DeFi Project Mercurial Plots Revamp and New Tokens Following 'Toxic' Association With FTX

Mercurial would launch some of its popular products as a separate project under the name Meteora.

AccessTimeIconDec 7, 2022 at 10:39 a.m. UTC
Updated Dec 7, 2022 at 4:20 p.m. UTC
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Shaurya is an analyst/editor for CoinDesk's markets team in Asia.

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Mercurial, a decentralized finance (DeFi) platform that allows users to lend and borrow stablecoins on the Solana blockchain, is revamping its brand, community and token distribution, as per a Wednesday post.

The revamp plan, which being called the Meteora plan, was formulated in response to recent events, including a collaboration with crypto exchange FTX and its closely related trading firm Alameda, which has left a "toxic association" among the three entities.

The firm set up a new token and will migrate current MER holders to the new setup. It is also setting up a decentralized autonomous organization (DAO) to give the community more leverage over essential decisions. Mercurial holds over $27 million across two products, DeFiLlama data shows, and held over $200 million at lifetime peaks.

The plan will see Mercurial launch its lending vaults and automated market maker (AMM) pools as a separate project under the name Meteora. An AMM refers to decentralized exchanges that rely on smart contracts to source liquidity from users and price the assets within the pool using algorithms.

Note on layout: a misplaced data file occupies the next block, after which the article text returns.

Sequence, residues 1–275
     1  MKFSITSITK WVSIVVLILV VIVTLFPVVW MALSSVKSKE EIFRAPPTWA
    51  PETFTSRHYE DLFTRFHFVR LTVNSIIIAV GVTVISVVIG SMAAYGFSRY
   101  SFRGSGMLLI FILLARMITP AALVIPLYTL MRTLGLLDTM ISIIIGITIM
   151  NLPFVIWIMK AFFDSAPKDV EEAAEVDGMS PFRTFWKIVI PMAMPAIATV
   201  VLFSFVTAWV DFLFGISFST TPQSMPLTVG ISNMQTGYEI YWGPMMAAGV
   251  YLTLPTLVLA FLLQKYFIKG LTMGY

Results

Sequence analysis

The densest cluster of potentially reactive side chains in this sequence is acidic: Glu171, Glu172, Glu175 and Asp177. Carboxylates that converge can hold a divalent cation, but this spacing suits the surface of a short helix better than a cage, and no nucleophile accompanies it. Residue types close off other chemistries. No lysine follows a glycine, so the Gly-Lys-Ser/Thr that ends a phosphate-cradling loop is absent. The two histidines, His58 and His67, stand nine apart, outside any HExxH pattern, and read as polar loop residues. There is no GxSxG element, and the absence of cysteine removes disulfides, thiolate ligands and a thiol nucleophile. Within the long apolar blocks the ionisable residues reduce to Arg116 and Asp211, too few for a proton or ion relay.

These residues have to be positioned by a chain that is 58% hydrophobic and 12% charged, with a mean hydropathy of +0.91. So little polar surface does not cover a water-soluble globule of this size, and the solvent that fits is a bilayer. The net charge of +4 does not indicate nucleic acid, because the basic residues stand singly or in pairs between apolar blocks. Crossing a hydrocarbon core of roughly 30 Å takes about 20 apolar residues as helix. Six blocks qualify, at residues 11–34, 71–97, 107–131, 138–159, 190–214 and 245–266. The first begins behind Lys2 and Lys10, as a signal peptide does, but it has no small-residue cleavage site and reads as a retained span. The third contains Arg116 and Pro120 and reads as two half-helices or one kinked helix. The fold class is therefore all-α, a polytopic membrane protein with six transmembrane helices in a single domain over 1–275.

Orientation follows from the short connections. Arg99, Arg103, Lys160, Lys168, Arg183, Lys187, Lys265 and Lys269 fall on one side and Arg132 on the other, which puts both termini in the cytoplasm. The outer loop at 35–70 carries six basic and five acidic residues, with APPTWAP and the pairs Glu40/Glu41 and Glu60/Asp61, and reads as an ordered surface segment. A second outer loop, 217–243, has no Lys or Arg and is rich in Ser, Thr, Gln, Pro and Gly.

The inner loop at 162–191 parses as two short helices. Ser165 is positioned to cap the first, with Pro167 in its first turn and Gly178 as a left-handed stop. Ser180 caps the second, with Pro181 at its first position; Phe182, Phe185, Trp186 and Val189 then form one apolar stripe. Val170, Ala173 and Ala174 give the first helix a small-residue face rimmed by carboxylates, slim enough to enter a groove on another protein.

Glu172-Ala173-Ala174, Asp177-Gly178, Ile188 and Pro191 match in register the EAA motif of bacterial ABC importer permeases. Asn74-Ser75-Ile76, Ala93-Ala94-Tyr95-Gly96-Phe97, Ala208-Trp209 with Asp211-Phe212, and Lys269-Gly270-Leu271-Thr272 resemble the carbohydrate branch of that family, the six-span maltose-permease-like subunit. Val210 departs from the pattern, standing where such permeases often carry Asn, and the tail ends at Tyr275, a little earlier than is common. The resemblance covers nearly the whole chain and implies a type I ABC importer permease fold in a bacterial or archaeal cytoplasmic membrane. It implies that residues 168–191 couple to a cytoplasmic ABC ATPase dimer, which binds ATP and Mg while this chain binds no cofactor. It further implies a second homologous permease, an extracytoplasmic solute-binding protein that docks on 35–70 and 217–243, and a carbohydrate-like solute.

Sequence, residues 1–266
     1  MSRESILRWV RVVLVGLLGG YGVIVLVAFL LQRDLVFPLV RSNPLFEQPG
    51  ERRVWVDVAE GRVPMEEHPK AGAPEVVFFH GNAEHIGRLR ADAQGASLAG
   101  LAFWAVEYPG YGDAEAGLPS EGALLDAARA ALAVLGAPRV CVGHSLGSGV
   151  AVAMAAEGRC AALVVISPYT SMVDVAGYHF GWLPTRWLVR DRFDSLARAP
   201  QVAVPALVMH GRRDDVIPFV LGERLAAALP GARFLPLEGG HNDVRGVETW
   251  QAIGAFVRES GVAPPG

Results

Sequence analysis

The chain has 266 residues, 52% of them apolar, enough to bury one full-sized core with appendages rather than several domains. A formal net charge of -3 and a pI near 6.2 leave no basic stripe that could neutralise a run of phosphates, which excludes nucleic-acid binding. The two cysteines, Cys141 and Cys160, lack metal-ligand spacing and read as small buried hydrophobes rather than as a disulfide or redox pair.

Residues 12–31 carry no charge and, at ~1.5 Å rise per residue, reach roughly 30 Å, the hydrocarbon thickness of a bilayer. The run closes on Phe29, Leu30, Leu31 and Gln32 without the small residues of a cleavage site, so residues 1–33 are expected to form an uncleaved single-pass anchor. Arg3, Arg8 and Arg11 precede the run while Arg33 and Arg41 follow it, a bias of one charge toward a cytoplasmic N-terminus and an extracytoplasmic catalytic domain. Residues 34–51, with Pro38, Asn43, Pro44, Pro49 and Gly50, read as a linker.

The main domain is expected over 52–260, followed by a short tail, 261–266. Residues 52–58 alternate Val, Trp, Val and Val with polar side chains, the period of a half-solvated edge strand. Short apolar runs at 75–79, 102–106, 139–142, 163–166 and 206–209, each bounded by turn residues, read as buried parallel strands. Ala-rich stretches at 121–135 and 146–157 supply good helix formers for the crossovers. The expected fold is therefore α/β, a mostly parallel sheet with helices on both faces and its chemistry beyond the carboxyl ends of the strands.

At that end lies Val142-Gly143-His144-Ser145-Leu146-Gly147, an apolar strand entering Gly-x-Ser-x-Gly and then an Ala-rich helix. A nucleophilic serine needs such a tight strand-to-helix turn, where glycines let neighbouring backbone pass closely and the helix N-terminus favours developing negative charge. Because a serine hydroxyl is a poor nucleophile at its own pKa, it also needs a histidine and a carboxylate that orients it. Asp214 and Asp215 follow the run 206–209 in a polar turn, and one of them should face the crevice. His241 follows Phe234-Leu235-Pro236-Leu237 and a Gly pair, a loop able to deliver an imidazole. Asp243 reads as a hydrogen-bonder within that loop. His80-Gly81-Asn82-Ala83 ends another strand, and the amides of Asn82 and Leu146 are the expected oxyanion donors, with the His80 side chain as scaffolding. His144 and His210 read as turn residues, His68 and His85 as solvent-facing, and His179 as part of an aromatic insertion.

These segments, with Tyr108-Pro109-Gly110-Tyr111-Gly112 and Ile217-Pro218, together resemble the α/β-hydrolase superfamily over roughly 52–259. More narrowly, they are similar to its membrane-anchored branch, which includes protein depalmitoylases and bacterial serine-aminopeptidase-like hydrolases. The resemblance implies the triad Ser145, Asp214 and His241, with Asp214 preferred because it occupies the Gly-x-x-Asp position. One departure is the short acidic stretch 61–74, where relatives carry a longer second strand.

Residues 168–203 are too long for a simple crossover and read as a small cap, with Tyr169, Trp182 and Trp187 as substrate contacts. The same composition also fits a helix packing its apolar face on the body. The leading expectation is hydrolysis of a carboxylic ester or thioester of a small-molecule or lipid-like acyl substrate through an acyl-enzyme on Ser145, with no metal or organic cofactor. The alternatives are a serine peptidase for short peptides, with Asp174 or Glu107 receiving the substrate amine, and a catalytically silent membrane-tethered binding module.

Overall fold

Mercurial said funds raised from the initial exchange listing (IEO) for its native MER tokens on FTX represented over 10% of the total funds raised for the project.

Alameda’s involvement in MER was in the form of 3% of liquid MER for market making that was bought at private round prices of 7 cents. An 1.5% of locked MER for seed investment was bought at a seed price of 2 cents, Mercurial said.

“In summary, the only liquid tokens in the market came from Alameda Market Making (3%), IEO/IDO participants (0.3%), private investors (1.6%) and the liquidity mining rewards for our stable pools,” the team stated. This created constant sell-side liquidity for MER tokens on the open market, which is now deemed detrimental given the troubles at Alameda and FTX.

“There still needed to be more clarity and certainty over MER’s tokenomics. The uncertainty is further exacerbated by the exploit on FTX, resulting in over [$800,000] worth of MER tokens in the hacker’s wallet,” the team added.


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Shaurya is an analyst/editor for CoinDesk's markets team in Asia.


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Shaurya is an analyst/editor for CoinDesk's markets team in Asia.